"It is not the critic who counts, not the man who points out how the strong man stumbles," Stahl read. "The credit belongs to the man who is actually in the arena, whose face is marred by dust and sweat and blood... Who spends himself in a worthy cause… if he fails, at least fails while daring greatly..."
"You are the man in the arena," Stahl told him.
"I hope so. I hope so," McCain said. "With all my failings, I try to be."
Ultimately, the man who was born for battle – a man whose family lore includes ties to Charlemagne; the patriot who had George Washington in his family tree; the son and grandson of four-star Navy admirals; the fighter pilot who walked away from airplane crashes and escaped an inferno aboard the USS Forrestal; the serviceman who withstood torture and solitary confinement as a POW in Vietnam, and who refused on principle an offer of early release extended to him ahead of his fellow captives on account of his family name; the husband and father who survived a battle against melanoma; and the senator who mounted two presidential campaigns – finally succumbed to a foe that he could not see.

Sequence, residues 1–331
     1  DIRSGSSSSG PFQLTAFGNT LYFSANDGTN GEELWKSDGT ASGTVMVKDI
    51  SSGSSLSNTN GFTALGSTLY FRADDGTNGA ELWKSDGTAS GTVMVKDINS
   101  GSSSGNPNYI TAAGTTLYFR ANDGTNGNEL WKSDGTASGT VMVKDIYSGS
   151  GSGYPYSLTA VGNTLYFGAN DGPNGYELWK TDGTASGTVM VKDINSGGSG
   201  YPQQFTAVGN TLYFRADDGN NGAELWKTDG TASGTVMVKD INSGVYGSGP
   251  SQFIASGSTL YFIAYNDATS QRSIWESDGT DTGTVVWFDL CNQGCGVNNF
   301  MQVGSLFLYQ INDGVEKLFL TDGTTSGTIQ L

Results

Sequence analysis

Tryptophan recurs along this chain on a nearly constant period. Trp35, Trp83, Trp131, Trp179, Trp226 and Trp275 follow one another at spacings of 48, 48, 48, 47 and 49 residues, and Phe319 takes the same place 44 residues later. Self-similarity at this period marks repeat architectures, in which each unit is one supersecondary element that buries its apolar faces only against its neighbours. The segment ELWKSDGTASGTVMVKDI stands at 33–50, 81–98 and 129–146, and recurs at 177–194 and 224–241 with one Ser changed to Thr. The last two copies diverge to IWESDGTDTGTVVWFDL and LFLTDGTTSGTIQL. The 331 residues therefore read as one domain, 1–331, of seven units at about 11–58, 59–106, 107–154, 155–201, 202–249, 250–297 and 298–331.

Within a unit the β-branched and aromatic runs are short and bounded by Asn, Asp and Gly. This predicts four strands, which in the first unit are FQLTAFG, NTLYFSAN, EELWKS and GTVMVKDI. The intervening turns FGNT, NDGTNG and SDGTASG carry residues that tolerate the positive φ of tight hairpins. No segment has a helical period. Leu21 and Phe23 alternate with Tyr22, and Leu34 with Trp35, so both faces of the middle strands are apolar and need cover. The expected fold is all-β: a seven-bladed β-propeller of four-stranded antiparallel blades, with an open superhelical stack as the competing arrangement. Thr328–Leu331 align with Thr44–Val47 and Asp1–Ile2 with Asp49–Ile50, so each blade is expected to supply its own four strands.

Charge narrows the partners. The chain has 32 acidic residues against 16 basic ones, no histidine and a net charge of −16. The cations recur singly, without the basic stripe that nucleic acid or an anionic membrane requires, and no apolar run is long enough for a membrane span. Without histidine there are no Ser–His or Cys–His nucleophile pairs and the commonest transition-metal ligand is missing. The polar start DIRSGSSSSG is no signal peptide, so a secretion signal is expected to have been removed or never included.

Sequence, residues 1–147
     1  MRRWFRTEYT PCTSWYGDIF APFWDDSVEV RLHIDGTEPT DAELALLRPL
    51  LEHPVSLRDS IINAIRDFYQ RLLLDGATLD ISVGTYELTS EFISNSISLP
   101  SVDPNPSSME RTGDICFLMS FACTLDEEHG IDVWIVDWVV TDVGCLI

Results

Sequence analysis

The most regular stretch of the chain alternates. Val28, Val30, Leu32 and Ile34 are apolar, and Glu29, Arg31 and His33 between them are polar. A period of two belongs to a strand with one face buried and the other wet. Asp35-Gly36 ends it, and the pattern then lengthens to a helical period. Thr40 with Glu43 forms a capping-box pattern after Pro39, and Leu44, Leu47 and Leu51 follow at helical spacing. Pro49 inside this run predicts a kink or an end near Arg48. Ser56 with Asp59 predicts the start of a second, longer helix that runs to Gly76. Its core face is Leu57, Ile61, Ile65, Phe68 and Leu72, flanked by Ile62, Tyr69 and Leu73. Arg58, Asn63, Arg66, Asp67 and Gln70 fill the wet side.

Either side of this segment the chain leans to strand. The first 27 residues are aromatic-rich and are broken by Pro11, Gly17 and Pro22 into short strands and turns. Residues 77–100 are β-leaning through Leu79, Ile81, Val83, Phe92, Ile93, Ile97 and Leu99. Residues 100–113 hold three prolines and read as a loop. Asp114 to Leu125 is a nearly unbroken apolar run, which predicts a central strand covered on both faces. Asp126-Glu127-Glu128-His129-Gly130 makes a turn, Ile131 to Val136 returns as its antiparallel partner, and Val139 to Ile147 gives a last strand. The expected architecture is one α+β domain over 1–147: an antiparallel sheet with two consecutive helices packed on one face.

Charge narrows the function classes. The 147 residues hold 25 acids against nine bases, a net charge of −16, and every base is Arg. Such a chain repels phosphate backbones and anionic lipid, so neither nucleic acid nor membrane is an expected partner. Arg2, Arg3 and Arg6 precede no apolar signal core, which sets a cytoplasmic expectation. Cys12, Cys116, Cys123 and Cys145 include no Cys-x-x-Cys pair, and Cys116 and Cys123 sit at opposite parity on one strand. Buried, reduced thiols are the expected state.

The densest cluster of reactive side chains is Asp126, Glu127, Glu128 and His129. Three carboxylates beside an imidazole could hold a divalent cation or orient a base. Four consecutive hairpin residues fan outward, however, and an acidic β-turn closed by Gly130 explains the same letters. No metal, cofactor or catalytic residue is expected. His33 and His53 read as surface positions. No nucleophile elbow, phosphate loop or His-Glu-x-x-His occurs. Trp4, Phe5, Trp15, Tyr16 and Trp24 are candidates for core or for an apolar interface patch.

"This is a particularly vicious kind of adversary," he told Stahl of the cancer he was fighting during his last interview with 60 Minutes. "But could I say one more time? I've had the best life anybody could have ever known. And I want to celebrate my life. That's what I want to do."